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Flightfox accepted into Y Combinator after snagging $800,000

Thursday, 31 May 2012 | By Michelle Hammond

Australian travel start-up Flightfox has been accepted into US-based incubator Y Combinator and raised $800,000 in capital, just months after joining Startmate, the Sydney accelerator.


Flightfox, founded by Lauren McLeod and Todd Sullivan, connects a global network of flight booking experts with those seeking flights.


Unlike travel agents, who earn commissions from travel providers, Flightfox experts are paid a flat fee by the traveller, and only when they find them the best deal.


Flightfox was among the latest round of companies accepted into mentor-driven seed fund Startmate, but moved to the United States within three months of becoming incorporated there.


It has now been accepted into Y Combinator, a prestigious start-up incubator in Silicon Valley, which has hosted other Australian start-ups including Nikki Durkin’s 99dresses.


The news comes after Flightfox raised $800,000 in funding in San Francisco, although half of that amount came from Australian investors such as Mick Liubinskas from Pollenizer.


Despite its early success in the US, Startmate co-founder Niki Scevak says he is confident Flightfox will return to Australia in some sort of capacity.


“Silicon Valley remains the central station for start-ups, and Lauren and Todd’s decision to use that to their full advantage makes sense,” Scevak says.


“Also, I think it’s a lot more complicated than just going to the US or staying in Australia, so I think they’ll be back and forth... It’s not either or.”


Scevak says rather than feeling guilty about venturing to the United States, Australian start-ups simply have a strong allegiance to their home country.


“In my experience, they always end up back in Australia,” he says.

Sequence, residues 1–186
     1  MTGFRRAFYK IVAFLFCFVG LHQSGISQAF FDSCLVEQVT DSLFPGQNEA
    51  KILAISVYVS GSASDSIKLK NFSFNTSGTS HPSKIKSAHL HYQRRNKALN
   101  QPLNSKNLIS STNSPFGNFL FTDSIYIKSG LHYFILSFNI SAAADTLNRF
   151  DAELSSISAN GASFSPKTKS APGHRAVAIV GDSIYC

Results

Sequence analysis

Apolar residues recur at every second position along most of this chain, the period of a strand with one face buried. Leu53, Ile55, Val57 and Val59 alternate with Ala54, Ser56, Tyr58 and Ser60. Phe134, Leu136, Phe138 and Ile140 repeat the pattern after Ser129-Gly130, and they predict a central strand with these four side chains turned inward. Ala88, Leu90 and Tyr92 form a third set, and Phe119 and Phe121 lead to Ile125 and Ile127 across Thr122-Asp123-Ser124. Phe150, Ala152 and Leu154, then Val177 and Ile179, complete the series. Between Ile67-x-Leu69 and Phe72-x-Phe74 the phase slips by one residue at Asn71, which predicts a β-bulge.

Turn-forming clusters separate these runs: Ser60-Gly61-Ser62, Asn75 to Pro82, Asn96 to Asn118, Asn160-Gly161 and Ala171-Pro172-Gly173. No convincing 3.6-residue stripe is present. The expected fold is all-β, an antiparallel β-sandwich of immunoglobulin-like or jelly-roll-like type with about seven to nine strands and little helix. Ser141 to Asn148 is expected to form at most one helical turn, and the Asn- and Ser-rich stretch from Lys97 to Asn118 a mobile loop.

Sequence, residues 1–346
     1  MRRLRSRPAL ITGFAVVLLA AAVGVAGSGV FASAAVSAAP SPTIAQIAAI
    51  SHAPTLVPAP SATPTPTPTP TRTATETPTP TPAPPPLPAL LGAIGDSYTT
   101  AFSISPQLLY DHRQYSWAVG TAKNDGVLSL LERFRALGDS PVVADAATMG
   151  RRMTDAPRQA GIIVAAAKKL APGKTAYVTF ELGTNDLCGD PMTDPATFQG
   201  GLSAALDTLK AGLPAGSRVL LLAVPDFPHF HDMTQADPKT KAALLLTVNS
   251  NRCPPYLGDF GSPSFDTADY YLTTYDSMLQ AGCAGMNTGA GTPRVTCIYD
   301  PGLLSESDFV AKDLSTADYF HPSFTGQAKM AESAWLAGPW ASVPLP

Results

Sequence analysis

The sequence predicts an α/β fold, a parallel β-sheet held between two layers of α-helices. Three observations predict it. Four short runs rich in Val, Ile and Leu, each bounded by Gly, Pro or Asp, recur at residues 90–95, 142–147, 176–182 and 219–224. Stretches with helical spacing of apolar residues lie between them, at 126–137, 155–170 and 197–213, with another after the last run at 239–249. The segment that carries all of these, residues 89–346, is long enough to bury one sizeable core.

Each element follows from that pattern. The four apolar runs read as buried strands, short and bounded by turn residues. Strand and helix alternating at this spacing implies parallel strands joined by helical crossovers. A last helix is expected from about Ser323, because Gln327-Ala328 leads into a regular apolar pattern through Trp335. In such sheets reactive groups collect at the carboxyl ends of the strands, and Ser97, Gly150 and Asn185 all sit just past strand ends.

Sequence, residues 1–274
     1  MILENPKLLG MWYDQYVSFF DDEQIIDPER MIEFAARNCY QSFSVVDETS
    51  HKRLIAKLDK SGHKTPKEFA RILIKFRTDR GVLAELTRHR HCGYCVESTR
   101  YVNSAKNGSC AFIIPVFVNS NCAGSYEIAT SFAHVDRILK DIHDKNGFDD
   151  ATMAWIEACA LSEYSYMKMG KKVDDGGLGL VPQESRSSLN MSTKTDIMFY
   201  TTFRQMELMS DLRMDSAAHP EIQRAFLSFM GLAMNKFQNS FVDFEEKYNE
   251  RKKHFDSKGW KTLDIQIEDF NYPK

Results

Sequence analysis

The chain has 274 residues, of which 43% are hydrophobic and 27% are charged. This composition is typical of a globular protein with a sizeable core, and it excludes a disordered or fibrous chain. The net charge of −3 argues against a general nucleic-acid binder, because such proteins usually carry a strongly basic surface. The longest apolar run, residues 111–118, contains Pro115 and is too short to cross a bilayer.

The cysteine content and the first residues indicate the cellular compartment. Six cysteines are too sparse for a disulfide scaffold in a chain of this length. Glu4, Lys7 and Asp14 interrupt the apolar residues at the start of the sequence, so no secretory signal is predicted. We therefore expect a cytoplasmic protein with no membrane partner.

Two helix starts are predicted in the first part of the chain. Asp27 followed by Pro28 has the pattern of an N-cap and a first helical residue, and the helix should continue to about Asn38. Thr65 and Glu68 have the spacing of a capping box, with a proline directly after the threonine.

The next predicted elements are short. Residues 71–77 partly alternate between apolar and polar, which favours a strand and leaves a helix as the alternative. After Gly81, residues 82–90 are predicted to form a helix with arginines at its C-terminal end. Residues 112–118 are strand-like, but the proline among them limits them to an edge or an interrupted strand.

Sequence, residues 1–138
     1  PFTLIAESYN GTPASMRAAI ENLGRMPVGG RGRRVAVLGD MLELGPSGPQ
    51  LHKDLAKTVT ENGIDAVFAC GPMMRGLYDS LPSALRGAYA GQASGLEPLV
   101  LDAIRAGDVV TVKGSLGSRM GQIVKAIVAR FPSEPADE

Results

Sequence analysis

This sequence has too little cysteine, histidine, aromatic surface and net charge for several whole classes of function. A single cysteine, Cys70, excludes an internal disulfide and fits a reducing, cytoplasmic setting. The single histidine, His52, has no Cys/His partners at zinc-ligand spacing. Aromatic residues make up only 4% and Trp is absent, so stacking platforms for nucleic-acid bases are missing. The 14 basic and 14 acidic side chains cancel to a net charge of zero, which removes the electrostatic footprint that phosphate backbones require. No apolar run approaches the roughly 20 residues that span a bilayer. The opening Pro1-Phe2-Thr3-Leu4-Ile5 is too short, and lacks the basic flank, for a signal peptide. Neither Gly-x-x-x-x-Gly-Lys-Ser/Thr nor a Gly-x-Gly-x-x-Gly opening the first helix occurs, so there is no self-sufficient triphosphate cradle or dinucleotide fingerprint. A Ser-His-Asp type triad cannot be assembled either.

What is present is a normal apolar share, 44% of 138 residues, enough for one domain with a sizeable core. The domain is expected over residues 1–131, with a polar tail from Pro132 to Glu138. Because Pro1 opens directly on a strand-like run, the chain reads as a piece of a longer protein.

According to Scevak, Flightfox was a standout from the beginning, mainly because of its unwavering focus on the customer.


“They were very metrics-driven and extremely focused on the customer. They had an initial version [of the service] up within a few weeks,” he says.


“Their one guiding light has been the customer and their passion for the customer... At the same time, they’re just getting started.”


“Now they have some capital in place, they can put some more people in place. There are more opportunities, but it’s very much the beginning of the journey.”


According to McLeod, who previously created and sold travel site Globetrooper, the idea for Flightfox came to her while she was travelling in Bolivia.


“I envisaged flight experts all over the world competing against one another to find me the absolute best flight,” McLeod told The Age.


“They’d use industry software, local offers, and tricks of the trade to uncover the lowest prices.”


McLeod said the decision to venture to the US is “not about the money”.


“It’s not about a labor shortage, and it certainly isn’t about access to foreign markets,” she said.


“Instead, this supposed ‘brain drain’ is all about Silicon Valley having the richest and most meritocratic start-up culture on the planet.”


“If you care at all about tech start-ups, it just makes sense to spend time here. Imagine learning French and never travelling to France.”